- Chinese Name: 金門戰地文化
- Located At: Outlying Kinmen (Southern Taiwan)
- Renowned for: The Wind Lion, also known as “fengshiye,” is a stone sculpture that is usually erected on the rooftop or flanking the gate. The lion deity it represents is believed to hold special powers that can repel evil and bring good fortunes to inhabitants of the entire village.
- Did You Know that … ? Kinmen was the front-line military garrison defending Taiwan against a possible mainland Chinese invasion for decades after the Kuomintang-led government relocated to Taiwan in 1949. As cross-strait tensions eased, so were restrictions on Kinmen County. Taiwan's government lifted martial law in Kinmen in 1992, returning the island to civilian rule and opening it to tourism.
Kinmen + Battle
Kinmen Island lies in the Amoy (Xiamen) Bay, southeast of mainland China's Fujian Province, with a total area of 150.456 square kilometers. The outlying island is 277 kilometers off the coast of Taiwan proper and a mere 10 kilometers from Xiamen Harbor.
One of the most famous incidents that took place on Kinmen was the 1958 Artillery Battle, a vicious 44-day period of intense shelling by the Chinese Communist forces that started on Aug. 23, 1958. At the end of the so-called “823 Bombardment,” however, the Chinese Communists abandoned their plans to attack Taiwan proper by hopping from the islands of Kinmen and Matsu.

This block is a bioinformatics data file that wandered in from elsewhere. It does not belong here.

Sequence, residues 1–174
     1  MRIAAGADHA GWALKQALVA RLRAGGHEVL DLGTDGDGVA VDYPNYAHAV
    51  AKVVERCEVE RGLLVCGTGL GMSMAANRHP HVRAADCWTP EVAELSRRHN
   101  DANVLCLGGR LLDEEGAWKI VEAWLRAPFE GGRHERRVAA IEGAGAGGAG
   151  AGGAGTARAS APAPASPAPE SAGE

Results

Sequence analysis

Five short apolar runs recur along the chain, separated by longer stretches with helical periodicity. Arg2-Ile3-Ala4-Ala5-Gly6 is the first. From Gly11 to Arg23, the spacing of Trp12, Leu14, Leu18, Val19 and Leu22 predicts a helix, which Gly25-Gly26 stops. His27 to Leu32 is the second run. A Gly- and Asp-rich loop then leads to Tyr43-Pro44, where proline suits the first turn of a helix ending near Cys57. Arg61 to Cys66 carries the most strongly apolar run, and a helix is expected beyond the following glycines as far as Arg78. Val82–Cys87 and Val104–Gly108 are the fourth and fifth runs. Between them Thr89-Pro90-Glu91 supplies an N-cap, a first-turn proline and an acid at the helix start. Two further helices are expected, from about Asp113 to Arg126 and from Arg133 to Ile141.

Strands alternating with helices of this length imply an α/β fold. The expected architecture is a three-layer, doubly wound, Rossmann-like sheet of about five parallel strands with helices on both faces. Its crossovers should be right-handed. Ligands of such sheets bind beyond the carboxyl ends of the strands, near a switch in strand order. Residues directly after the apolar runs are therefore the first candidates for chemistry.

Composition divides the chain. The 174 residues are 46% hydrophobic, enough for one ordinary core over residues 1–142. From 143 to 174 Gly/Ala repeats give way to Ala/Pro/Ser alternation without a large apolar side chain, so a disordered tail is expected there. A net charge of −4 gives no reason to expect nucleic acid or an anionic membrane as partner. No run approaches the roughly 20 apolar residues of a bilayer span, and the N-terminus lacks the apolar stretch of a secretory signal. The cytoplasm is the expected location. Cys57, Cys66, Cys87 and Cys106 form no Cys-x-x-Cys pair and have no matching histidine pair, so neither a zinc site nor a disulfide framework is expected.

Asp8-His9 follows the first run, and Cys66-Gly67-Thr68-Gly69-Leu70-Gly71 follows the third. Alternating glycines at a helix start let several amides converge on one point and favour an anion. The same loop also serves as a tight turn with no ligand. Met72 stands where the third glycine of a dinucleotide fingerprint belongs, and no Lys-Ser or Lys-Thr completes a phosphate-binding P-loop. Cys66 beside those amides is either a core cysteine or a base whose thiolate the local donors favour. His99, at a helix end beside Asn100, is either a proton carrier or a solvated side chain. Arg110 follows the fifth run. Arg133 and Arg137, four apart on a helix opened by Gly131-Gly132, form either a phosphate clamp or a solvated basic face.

Kinmen County has jurisdiction over a total of 12 islands including Kinmen Island, Lieyu, Dadan Island and Erdan Island. Because of its unique geographical location, Kinmen has an abundance of historic and culture sites, traditional villages and natural resources.
The Kinmen National Park was established in October 1995 as part of the government’s efforts to conserve natural resources and preserve important historic and cultural sites as well as battlefield monuments, marking the first of its kind in the country.
“Kinmen and Lieyu” was selected as one of Taiwan’s 18 potential World Heritage Sites by Ministry of Culture in 2003, and renamed as “Kinmen and Matsu Battlefield Culture” in 2009.
Today, Kinmen has a new look after being transformed from a killing field into a peace boulevard. It also serves as a major hub for the “mini-three links” connecting the two sides of the Taiwan Strait.
The “mini-three links” policy implemented in January 2001 has initiated direct trade, post and transport between the Kinmen and Matsu islands and mainland Chinese ports of Xiamen and Mawei, respectively.